Minister Musa went on to suggest that maybe a local institution with no international correspondent banking facility may be an option for the handling of earnings within the industry.

He pointed out, however, that the greater concern at this juncture of the process is the cost of the referendum, which the government has already set aside $5 million to cover in a recent supplementary appropriation. The process of having Belizeans vote on whether they support or oppose marijuana legalization, however, could cost much more than what was budgeted, and has caused the government to decide to stall the process.

“The real point is that it is a costly referendum, and so it’s $5 million it would have cost for us to do this referendum, and to me that is the real reason, but at the same time as we put a pause on the legislation, we have time to tighten up whatever loose ends there may be in terms of correspondent banking, but in my respectful opinion that will never be tied up,” Minister Musa outlined.

He also indicated that the government and other stakeholders will have to figure out a way to work around the global banking reality facing the cannabis industry.

“We will have to figure a way—whether it [be] opening community banks or credit unions that do not have correspondent banking in order to bank the dollars here in Belize. That is the solution, and there are several international companies who have expressed interest to come and open these community banks here, so there are solutions to that, but like I said, the primary concern at this time is the cost of the referendum,” Hon. Musa said.

Minister Musa emphasized, however, that commercial banks in the country would need to do additional due diligence to ensure the funds being deposited at their institutions are not proceeds from the cannabis industry—a concern that had reportedly been raised by one of the country’s major banks.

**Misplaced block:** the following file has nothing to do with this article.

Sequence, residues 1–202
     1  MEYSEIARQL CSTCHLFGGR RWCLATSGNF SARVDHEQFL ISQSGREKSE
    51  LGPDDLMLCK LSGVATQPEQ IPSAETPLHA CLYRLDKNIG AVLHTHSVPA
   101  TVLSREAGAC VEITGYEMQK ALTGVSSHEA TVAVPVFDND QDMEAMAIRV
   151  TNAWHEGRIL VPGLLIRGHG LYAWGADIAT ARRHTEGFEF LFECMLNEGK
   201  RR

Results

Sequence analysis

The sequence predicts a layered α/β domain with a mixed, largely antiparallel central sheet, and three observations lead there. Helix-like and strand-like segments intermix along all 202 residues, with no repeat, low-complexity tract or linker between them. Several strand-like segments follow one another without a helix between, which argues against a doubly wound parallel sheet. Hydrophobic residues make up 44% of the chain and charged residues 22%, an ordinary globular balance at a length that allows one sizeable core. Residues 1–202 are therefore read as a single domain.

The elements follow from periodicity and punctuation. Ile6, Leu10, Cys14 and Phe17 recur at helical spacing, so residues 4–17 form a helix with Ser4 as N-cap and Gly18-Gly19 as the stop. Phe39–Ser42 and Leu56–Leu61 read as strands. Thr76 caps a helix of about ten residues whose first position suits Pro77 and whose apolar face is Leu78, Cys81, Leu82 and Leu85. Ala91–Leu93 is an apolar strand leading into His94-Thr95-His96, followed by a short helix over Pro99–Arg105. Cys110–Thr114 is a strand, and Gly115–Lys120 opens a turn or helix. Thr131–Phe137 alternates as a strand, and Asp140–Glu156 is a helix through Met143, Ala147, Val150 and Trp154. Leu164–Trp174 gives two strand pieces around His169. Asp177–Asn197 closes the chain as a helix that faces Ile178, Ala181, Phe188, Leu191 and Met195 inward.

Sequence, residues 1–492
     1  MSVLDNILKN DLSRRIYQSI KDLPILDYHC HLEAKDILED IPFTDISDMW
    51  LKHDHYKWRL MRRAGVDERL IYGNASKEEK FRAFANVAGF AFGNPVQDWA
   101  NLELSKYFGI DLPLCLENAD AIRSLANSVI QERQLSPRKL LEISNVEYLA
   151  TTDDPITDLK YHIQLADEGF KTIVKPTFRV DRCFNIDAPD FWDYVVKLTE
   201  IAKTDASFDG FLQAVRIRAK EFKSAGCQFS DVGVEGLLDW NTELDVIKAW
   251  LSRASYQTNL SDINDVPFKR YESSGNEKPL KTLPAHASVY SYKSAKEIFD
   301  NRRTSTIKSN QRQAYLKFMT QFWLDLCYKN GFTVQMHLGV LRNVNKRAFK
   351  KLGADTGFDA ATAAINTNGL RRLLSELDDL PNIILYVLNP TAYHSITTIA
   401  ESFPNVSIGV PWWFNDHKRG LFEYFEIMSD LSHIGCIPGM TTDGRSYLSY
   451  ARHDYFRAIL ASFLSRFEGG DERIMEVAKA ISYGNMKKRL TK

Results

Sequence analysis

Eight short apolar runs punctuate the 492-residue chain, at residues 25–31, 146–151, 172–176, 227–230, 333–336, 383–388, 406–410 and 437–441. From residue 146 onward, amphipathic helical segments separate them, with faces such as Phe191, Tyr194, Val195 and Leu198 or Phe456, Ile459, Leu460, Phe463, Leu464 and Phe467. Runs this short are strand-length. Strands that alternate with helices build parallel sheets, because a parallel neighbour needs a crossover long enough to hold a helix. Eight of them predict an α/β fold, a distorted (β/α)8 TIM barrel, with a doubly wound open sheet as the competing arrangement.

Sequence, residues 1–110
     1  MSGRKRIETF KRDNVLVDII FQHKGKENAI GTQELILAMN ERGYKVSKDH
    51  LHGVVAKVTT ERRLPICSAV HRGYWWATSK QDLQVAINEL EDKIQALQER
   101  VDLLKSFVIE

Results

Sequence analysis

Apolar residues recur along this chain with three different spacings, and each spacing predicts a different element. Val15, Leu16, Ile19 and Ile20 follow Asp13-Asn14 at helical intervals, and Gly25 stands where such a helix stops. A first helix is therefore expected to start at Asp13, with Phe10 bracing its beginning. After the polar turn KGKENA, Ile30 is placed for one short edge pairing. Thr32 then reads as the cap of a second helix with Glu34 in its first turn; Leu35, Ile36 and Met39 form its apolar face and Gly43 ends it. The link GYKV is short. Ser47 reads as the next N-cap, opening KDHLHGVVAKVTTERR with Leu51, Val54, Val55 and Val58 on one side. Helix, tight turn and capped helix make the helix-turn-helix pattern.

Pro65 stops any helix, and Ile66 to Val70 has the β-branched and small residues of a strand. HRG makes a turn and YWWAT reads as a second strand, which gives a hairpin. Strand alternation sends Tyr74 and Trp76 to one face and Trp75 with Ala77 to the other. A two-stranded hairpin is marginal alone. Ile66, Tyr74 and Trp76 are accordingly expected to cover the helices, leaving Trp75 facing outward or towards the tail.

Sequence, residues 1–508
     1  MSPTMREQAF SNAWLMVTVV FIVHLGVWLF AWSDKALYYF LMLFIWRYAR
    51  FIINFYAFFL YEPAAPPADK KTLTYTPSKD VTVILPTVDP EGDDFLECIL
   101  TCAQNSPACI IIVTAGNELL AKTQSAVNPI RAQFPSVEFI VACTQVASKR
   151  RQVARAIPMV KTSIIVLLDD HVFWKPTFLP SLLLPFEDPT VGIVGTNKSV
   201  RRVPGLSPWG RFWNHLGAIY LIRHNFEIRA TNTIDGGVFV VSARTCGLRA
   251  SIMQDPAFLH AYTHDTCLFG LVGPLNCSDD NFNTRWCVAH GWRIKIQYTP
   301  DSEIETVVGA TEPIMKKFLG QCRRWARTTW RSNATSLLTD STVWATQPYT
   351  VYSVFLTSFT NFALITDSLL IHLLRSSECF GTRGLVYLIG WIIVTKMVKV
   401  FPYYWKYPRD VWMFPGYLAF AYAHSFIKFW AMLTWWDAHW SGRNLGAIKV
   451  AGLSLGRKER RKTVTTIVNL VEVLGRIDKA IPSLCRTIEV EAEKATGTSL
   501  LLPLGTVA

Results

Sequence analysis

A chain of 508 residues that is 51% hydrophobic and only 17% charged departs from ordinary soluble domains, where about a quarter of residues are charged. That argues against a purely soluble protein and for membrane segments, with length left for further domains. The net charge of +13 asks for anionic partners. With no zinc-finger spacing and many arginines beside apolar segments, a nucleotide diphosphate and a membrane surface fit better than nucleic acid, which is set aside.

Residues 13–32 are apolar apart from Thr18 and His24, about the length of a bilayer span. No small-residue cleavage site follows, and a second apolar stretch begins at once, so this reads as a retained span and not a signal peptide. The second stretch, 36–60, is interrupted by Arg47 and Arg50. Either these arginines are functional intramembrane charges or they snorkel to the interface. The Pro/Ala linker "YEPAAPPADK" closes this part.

“What it does is that it imposes obligations on the local banks to do their due diligence to make sure that the funds that they are receiving are not related to, whether it is a cultivation license or a dispensary license, the banks just have to ensure that they are not receiving funds from the cannabis-related businesses. There are several other cash industries already in existence in Belize; for example, the cattle that we transship to Guatemala, tobacco, and the cigarette industry at the Free Zone—that is a cash industry. The hemp business right now in Belize … the funds received in relation to that industry is not accepted by the banks, and so cash industries are normal in Belize. We have to understand that, but there is a greater concern, because there is so much revenue to be earned from cannabis that in fact, the local banks are saying, ‘we want to make sure there are no issues for us’,” Hon. Musa outlined. 

For now, however, the legalization of cannabis in Belize is on pause. 

Late this evening, the churches and the Government of Belize released a joint statement which made that pause in the holding of a referendum (and the legalization of marijuana)  official.  The release states, “The Church Leaders on behalf of the petitioners and the Government of Belize request of the Governor General to defer the issuing of the Writ of Referendum until a date to be determined.”